Upon the occurrence of an incoming call, the modem asserts RLSDIN so that RLSDIN goes high. This causes a low level at the output of inverter U1.2, thereby quickly discharging capacitor C1 through resistor R2 and diode CR1. The output of comparator U4 then goes low which turns transistor Q1 on, thereby energizing relay K1 and causing power to be applied to computer 12. Flip-flop 45 remains in its reset state so that DTROUT is still maintained in a forced "true" state. When the comparator output goes high, the RIOUT line from NAND gate U3.3 to the computer goes high.

Although the operation of computer 12 upon being powered up in this manner will be described below, it suffices to note at this point that the computer will assert DTR (make DTRIN high). This causes the output of NOR gate U2.1 (DTR) to go high which sets flip-flop 45. DTROUT remains high, however, since DTRIN is now high. Thus, the call is answered and continues in progress until computer 12 terminates the call.

Computer 12 terminates the call by making DTRIN low. When DTRIN goes low, flip-flop 45 is set, and the low or "false" state of DTRIN is passed to DTROUT, and thus to modem 17E. The modem in turn makes RLSDIN low, indicating that the call has been terminated. With DTRIN and RLSDIN having both gone low, the inverted values are high and keep diodes CR1 and CR2 off. Capacitor C1 then charges through resistor R1 toward 5 volts at a rate characterized by the RC time constant of 33 seconds for the component values indicated. Thus, the capacitor voltage reaches 3.44 volts in approximately 30 seconds, which causes the comparator output to go high, relay K1 to be de-energized, and computer 12 to be powered down. In the event that the computer needs to initiate another call without losing power, it must initiate this call, that is assert DTRIN, within this 30-second interval. When DTRIN is asserted, capacitor C1 is discharged through diode CR2, thereby preventing K1 from being de-energized.

The circuit operation in response to an alarm signal is similar in that a low level on the ALARM line from alarm clock 23 also causes relay K1 to be energized and RIOUT to be asserted.

FIG. 3B is a circuit schematic illustrating the power supplies for the elements illustrated in FIG. 3A. The power supply configuration is standard and will not be described except to note that surge protector 25 is defined by three metal oxide varistors VR1, VR2, and VR3 connected across the transformer primary winding.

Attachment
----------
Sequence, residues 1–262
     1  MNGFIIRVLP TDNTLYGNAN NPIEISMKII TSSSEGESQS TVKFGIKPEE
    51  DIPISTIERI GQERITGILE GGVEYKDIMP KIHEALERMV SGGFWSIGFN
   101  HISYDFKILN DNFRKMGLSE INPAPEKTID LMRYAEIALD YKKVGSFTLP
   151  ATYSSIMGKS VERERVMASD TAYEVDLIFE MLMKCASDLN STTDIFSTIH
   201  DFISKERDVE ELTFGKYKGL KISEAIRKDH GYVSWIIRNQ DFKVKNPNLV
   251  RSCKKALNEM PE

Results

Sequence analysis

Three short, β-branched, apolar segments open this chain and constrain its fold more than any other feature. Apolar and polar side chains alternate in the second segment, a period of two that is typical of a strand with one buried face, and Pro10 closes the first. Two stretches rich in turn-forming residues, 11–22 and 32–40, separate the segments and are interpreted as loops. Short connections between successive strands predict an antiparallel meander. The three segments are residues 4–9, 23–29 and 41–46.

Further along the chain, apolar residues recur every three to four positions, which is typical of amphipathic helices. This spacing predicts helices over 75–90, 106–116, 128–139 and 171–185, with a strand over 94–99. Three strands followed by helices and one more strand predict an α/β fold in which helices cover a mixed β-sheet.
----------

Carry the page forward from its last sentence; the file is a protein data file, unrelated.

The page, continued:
For purposes of the above description of the circuitry for controlling the application of power to computer 12, it was assumed that the computer would take appropriate action for answering an incoming call or placing an outgoing call when automatically powered up. FIG. 4 is a flow chart of the program that is executed at power up as part of the computer's automatic power-up batch job for the above-described first embodiment.

The initial test is to determine whether the computer was powered up automatically or manually. As discussed above, the substituted RING INDICATE signal RIOUT is asserted when an incoming call occurs or alarm clock 23 asserts ALARM. Thus, the computer first tests RIOUT (branch 50), and if RIOUT is not asserted, by-passes the communications handling portion of the software. If RIOUT was asserted, the computer tests RLSDOUT (branch 52). RLSDOUT "true" signifies that the computer was powered up as the result of an incoming call; RLSDOUT "false" signifies that the computer was powered up as the result of an alarm signal. In either case, the computer sets the pointer to the appropriate batch job name, either for answering an incoming call (block 53) or originating an outgoing call (block 55). Then, the computer initiates the appropriate batch job by an operating system call (block 57).

It should be noted that the details of the procedures to be followed may be set up in an appropriate configuration file containing lists of specifications which determine data transmission/reception speeds, phone numbers to dial, log-in and data request sequences to transmit, and appropriate storage locations for incoming data. Indeed, the user may specify that the communications handler do nothing at all, and some additional program used to handle the power-on situation as desired. In any event, once the specified power-up response has been carried out, the program terminates (block 58) and allows the rest of the power-up batch job to complete normally.

Second Embodiment--Internal Modem

FIG. 5 is a block diagram illustrating a second embodiment of the invention for use where computer 12 has an internal modem, designated 17I. While this embodiment could also be used with an external modem, the first embodiment would normally be preferred in such a case.

This embodiment may be implemented by providing an enclosure 70 that incorporates power switching element 20, power control logic (designated 22I), and alarm clock 23. In this embodiment, modem 17I is coupled to phone line 15, and the phone line is monitored directly by phone line monitoring circuitry 75 associated with power control logic 22I. As in the case of the first embodiment, power switching element 20 is interposed between AC power source 10 and the power input of computer 12. However, while the actual conductors of phone line 15 are communicated to the connectors on enclosure 70, the voltages are monitored but left substantially unmodified prior to their being communicated to modem 17I.